Pete, a Certificated Surveyor Remedial Treatments & Structural Waterproofing with decades of experience, has built a very carefully thought through and detailed build and has produced a house that:

  1. Loses minimal heat 1-2 degrees only in winter overnight
  2. Requires minimal heat to raise the temperature
  3. With the mass of the concrete construction, internal walls and 70mm floor screed changes are steady – it is a ‘high mass’ house
  4. Passive solar gain heats the house for around nine months of the year, all winter sun streams through the house for heating.
  5. Overheating is not an issue – shaded in summer plus the complete front of the house can be opened on the few English days when it is really hot.


Energy reduction and conservation:

A well-insulated modern airtight building oriented to the sun is the starting point.

The walls are an insulated concrete formwork. Insulation to 0.18 plus poured reinforced concrete with no joints for air leakage. The roof is made from insulated formwork and concrete 0.158 ‘u’ and no joints – insulation is continuous and there is no bridging.

There is insulation both below slab and between slab and screed with a ‘u’ 0.014. In addition, all the edges are insulated so there is no cold bridge.

There are 2 layers of double-glazed argon filled windows between the house and south face (conservatory) with overhang to the south to shade house in summer. Heat is collected from the conservatory and a high efficiency radiator and fan collects to water. The sun in winter enters the house for heat. There are triple glazed argon filled windows to the North face. The sides of the house are earth sheltered and this gives minimum temperature to the side walls of 10 degrees in winter. It also holds close to this figure in summer. The internal walls are blockwork to keep the thermal mass high.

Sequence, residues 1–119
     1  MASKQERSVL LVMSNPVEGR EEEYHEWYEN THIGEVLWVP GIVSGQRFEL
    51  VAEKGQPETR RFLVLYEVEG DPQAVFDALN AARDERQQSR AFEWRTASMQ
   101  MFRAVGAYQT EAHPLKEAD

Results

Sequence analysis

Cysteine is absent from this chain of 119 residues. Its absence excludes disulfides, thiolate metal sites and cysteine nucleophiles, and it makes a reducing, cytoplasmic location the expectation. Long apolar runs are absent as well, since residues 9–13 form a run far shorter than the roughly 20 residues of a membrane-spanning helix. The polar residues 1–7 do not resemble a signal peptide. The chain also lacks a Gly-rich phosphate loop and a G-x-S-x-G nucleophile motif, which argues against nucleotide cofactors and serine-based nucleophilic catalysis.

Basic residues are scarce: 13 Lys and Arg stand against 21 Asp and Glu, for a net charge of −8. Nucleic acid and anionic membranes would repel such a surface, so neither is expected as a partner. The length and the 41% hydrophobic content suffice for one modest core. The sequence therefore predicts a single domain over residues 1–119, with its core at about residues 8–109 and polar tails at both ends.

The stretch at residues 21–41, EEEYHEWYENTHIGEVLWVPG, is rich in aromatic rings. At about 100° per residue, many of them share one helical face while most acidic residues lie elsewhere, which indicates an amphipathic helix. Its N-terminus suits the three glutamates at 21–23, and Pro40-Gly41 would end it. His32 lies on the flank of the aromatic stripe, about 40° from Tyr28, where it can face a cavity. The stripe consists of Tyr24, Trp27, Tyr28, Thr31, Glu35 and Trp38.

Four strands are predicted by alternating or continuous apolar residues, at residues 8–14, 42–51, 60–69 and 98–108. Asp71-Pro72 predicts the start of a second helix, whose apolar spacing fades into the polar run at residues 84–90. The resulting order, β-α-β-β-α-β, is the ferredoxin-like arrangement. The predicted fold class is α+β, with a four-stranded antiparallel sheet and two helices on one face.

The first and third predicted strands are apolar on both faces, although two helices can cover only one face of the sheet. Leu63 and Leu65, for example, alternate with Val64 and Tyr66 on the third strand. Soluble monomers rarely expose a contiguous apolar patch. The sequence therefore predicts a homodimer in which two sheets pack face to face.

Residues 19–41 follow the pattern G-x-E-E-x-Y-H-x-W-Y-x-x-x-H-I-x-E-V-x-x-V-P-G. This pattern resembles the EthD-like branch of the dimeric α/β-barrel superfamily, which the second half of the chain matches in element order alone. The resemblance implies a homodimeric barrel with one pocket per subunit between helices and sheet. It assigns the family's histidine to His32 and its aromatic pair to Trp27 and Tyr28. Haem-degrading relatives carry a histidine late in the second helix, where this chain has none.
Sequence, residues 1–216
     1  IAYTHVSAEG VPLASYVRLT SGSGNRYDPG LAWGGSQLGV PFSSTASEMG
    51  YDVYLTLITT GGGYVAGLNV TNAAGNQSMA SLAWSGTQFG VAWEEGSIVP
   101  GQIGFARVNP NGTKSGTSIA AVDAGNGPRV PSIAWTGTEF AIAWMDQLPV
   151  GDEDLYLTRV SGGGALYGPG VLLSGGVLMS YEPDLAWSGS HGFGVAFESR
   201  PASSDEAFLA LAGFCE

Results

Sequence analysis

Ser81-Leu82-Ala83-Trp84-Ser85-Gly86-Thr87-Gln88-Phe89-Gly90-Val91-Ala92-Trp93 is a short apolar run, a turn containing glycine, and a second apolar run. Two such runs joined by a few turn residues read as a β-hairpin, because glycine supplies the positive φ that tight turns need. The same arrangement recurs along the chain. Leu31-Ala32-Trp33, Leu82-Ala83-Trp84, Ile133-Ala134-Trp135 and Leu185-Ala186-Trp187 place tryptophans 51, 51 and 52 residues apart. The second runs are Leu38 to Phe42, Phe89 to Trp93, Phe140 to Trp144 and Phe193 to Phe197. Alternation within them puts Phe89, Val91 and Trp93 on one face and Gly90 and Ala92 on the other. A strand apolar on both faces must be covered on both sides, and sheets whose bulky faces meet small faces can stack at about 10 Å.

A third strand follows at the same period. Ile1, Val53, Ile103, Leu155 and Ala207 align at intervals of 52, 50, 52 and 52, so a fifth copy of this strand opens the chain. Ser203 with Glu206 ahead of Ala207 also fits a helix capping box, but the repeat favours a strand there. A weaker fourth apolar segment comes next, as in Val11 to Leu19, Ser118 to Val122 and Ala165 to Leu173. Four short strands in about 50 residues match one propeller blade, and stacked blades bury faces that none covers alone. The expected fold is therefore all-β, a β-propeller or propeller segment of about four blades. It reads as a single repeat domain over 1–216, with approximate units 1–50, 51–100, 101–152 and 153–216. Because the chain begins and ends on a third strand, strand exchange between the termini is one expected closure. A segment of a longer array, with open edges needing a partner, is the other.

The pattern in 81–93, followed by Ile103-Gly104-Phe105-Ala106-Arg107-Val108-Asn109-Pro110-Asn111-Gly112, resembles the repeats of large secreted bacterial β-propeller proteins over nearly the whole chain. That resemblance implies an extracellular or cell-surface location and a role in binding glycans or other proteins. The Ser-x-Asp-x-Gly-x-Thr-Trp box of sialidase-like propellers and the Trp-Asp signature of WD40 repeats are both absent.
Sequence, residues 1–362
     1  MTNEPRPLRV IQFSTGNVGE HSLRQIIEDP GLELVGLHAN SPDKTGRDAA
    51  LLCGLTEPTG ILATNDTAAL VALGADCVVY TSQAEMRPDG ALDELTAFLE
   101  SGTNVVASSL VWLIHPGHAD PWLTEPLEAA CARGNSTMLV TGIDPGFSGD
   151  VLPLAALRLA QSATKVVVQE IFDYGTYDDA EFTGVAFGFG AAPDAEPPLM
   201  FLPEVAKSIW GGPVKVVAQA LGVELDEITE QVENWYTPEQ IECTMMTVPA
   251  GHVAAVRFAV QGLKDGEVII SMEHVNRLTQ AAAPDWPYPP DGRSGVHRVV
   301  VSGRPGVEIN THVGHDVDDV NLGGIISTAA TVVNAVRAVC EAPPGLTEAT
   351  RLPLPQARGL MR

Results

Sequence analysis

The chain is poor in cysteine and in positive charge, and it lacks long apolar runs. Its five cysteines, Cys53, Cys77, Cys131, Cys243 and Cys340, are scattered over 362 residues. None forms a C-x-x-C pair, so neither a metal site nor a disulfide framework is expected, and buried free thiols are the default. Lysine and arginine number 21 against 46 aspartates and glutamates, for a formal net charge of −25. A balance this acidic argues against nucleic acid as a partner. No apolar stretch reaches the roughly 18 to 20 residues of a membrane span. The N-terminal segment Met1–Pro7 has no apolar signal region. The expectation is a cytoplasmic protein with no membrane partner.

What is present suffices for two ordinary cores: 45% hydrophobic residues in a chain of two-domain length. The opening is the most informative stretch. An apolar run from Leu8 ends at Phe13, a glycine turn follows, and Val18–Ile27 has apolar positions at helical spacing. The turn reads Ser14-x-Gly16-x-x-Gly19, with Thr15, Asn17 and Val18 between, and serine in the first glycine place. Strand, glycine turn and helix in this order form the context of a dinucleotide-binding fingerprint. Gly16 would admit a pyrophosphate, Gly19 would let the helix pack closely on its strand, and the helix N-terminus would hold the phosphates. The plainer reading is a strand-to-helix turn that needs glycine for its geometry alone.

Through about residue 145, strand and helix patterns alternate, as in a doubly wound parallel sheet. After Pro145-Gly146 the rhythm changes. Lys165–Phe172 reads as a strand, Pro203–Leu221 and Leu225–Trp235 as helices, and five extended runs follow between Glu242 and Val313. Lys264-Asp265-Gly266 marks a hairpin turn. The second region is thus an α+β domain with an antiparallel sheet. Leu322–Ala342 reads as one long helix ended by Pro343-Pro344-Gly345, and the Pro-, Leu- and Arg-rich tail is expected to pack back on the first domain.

Energy generation:

120 solar hot water vacuum tubes produce over 10kw of heat and are orientated at 60 degrees from horizontal for maximum winter gain.

Solar PV runs the house when the sun is up. The PV is adjustable for season and all ‘spare’ power is fed to the immersion heater.

In the winter a log fire gives a controlled 2.3kw to the room so does not overheat the room and is not used beyond February. 6kw goes to water heating.

Costs and benefits:

The building has a Heatstore which does just what it says – stores heat for when it is needed.

The Heatstore is 500 litres and is insulated with 100mm of seamless polyurethane. It will hold heat for days. There is also a further two stores of 1000 litres each. These are also enclosed in insulation and also hold hot water for days.

All the fluid in the Heatstore is Glycol – none is used for drinking purely as stored heat. The thermostatically controlled heat exchanger instantly heats the water for use in the house.

Space heating – the wet underfloor heating needs only 25 degrees to keep the interior at 20 degrees. Hot water is heated by the heat exchanger in the Heatstore with temperature set on a blending valve adding cold water if too hot. Space heating when required pumps the stored water to the underfloor heating system.

The calculation below shows 2.5 kw is needed for 20 degrees inside the house with -1 degree outside.

Information shared:

Pete says that collection of heat is most important. Conservation and use when required is the second part.

  • Insulate building to minimise heat required.
  • Orientation and design to maximise solar gain and use.
  • Multiple heat inputs.
  • Have Heatstores so hot water at shower temperature can be stored for several days use in the water stores.
  • When occasionally needed and when wanted to sit in front of the log burner gives the back-up required.
  • UFH is needed only a few times each winter.


Additional information:

”Transition Tavistock , Food and Energy: Our growing book of community stories” booklet.

Contact details:

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